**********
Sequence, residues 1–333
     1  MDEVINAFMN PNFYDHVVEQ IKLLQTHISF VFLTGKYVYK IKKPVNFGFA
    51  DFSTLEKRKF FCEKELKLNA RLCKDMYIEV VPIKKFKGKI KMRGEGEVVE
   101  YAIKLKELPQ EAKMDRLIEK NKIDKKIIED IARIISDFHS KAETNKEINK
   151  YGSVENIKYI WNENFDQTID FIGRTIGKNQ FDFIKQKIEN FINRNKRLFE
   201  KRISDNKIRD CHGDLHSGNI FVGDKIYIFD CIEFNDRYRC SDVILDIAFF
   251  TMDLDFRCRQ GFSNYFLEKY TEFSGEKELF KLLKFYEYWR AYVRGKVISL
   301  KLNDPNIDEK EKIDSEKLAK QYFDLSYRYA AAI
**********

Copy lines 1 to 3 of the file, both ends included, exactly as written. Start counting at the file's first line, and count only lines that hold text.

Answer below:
Sequence, residues 1–333
     1  MDEVINAFMN PNFYDHVVEQ IKLLQTHISF VFLTGKYVYK IKKPVNFGFA
    51  DFSTLEKRKF FCEKELKLNA RLCKDMYIEV VPIKKFKGKI KMRGEGEVVE